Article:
View all newsletters
Have the short, sharp Spear's newsletter delivered to your inbox each week
  1. Law
August 9, 2023

How to prepare for mediation

Angelina Jolie and Brad Pitt have agreed to turn to mediation to settle a long-running dispute, but what's the route to a successful resolution?

By Arabella Murphy

Angelina Jolie and Brad Pitt — formerly known as ‘Brangelina’ — have reportedly agreed to enter mediation to resolve their dispute over the €150m French Château Miraval vineyard they once co-owned.

The break-up of the Hollywood power couple in 2016 sparked a long legal battle over the vineyard in Provence after Jolie sold her share to a Russian billionaire.

Pitt said he did not consent to Jolie selling a stake of the vineyard to Yuri Shefler, the 55-year-old head of the Stolichnaya vodka empire, arguing the sale was invalid and sparking a bitter legal battle which mediation might hold the key to ending.

Select and enter your email address The short, sharp email newsletter from Spear’s
  • Business owner/co-owner
  • CEO
  • COO
  • CFO
  • CTO
  • Chairperson
  • Non-Exec Director
  • Other C-Suite
  • Managing Director
  • President/Partner
  • Senior Executive/SVP or Corporate VP or equivalent
  • Director or equivalent
  • Group or Senior Manager
  • Head of Department/Function
  • Manager
  • Non-manager
  • Retired
  • Other
Visit our privacy policy for more information about our services, how Progressive Media Investments may use, process and share your personal data, including information on your rights in respect of your personal data and how you can unsubscribe from future marketing communications.

As the two actors are about to find out, agreeing to mediate is just the start of a fascinating process.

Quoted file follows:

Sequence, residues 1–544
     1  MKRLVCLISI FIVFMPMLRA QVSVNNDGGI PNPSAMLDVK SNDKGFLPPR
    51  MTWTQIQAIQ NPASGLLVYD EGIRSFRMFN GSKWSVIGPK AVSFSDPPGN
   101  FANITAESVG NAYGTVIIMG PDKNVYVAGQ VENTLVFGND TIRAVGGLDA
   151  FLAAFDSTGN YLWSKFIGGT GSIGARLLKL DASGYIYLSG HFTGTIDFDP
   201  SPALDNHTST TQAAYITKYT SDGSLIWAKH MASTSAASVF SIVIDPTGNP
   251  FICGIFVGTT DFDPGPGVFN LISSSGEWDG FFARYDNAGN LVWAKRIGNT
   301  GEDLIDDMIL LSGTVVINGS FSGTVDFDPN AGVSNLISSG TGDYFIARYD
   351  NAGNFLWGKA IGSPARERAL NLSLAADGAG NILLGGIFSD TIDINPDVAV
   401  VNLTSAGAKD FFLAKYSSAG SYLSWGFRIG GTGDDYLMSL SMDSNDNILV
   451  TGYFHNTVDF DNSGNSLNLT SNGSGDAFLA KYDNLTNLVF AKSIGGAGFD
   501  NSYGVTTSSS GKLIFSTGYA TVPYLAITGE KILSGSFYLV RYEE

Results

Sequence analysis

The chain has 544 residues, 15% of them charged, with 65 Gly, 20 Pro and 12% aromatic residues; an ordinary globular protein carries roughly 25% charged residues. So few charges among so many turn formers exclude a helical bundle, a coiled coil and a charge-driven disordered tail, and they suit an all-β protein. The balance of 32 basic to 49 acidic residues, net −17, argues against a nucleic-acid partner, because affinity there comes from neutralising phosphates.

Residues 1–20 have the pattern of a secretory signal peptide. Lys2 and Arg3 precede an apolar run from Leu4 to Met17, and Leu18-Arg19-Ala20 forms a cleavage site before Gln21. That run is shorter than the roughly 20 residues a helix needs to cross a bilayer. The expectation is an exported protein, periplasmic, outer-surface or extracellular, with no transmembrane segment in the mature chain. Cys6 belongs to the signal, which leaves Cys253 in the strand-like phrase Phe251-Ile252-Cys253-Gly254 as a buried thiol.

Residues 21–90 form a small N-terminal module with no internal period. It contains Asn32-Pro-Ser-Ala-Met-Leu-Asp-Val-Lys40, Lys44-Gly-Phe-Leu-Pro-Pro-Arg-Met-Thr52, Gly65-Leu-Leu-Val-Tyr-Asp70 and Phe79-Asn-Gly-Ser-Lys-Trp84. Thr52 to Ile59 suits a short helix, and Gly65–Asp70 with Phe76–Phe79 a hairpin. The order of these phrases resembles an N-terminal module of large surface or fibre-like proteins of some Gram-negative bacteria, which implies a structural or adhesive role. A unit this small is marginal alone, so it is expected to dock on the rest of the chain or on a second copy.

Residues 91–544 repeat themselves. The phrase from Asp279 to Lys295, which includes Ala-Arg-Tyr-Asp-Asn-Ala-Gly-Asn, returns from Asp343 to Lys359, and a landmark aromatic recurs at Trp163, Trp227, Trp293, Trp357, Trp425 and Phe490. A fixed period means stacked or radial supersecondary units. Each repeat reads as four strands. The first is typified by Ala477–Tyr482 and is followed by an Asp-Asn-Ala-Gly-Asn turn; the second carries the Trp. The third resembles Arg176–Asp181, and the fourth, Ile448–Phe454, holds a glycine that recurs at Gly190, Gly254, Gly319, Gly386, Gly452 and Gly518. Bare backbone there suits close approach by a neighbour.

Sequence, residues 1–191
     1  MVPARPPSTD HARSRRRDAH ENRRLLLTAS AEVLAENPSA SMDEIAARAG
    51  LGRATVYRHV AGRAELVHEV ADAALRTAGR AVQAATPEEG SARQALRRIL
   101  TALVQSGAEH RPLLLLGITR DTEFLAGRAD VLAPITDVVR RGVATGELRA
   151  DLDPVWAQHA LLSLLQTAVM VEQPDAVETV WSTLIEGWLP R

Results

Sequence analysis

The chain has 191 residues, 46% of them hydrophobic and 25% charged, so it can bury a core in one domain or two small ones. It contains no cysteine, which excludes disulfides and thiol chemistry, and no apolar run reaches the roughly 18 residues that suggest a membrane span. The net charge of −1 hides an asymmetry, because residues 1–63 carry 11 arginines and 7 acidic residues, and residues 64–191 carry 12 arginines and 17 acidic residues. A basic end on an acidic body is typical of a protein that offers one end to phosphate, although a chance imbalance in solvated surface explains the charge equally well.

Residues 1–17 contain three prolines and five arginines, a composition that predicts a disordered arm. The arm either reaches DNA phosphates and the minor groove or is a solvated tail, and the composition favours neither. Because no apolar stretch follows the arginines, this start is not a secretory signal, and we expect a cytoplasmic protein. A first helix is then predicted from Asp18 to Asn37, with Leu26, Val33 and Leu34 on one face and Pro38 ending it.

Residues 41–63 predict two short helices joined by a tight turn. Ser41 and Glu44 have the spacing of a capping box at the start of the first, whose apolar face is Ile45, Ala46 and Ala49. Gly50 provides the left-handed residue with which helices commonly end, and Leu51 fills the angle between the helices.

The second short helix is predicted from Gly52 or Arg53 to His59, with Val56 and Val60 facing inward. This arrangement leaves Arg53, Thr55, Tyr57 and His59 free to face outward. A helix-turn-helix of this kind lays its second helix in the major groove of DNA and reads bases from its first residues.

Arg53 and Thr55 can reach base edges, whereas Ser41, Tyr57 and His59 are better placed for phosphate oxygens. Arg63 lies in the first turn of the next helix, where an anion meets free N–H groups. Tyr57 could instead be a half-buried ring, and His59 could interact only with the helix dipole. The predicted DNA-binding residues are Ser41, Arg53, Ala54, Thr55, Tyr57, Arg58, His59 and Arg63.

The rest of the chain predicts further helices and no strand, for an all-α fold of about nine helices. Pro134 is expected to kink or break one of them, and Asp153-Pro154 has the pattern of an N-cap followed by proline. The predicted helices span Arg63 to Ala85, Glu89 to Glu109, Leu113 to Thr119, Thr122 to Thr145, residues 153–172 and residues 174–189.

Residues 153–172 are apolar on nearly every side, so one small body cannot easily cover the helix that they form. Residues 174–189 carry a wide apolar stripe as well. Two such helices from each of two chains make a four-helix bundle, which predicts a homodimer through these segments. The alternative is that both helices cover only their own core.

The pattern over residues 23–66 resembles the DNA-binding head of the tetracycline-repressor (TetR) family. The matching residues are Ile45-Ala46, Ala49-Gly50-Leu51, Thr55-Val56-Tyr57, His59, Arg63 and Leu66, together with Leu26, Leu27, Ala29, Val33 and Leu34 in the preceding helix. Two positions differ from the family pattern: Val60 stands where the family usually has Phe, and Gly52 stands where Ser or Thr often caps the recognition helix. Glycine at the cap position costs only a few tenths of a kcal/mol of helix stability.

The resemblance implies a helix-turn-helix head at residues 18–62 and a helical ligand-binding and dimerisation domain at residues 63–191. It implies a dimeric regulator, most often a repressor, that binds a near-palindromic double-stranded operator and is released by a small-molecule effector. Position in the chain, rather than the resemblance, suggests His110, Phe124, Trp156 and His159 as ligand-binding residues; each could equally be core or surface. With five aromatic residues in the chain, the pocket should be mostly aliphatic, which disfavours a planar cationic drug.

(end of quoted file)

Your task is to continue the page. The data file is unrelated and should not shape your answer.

Whether you’re a Hollywood A-lister or locked in a more traditional dispute over inheritance, property, a contract or some other difficulty, preparation is the key to a successful mediation.

Here are five points to consider if you are seeking mediation.

[See also: ‘My father’s succession planning took two decades – now I help other wealthy families’]

Tips for mediation

1. Look on the bright side

The fact that both you and ‘they’ have agreed to mediate is the most positive sign. You are telling each other you are willing to settle. 

It is time to put the litigation to one side – the legal points are still important, but you’re not there to argue them out, you’re there to find an agreement. Keep that in mind ahead of your session and during mediation. Take all offers as a positive indication that the other side is looking for a solution, not as an insulting assessment of your case.

Aerial view of Château Miraval estate.
The Château Miraval estate once co-owned by Angelina Jolie and Brad Pitt / Image: Getty

2. No courtroom drama

Mediation is private and what is discussed during a session can never be repeated. But this does not mean it is (as a lawyer once told me) ‘fluffy’, with everyone sitting in a circle emoting like group therapy.

[See also: Power of the prenup given boost in latest divorce rulings]

A mediation will involve you (and your lawyer, if you choose to have one with you) in one room, and the other party in another room, with a mediator helping you work out what could be acceptable to both parties.

Do you have to see the other party? Not if you don’t want to although it can help to break the ice. If you do have a joint meeting, don’t expect the mediator to allow courtroom-style speeches by the lawyers. There’s no judge, and no one will win or lose.

Be completely open with the mediator – we’re there to help you, not judge, and we can’t repeat what you say. There are no cameras, no newspaper reporters, and no intrusive lines of questioning that could ruin your case or expose private matters to the public gaze. I often wonder whether Coleen Rooney/Rebekah Vardy or – worse – Johnny Depp/Amber Heard wish they had settled in private. And I bet Prince Andrew is glad he did.

Angelina Jolie and Brad Pitt
Angelina Jolie and Brad Pitt split in 2016 / Image: Getty

3. Be imaginative

If mediation is over a single asset (a property, perhaps – or a vineyard), parties can arrive at mediation still hoping that they can have it all.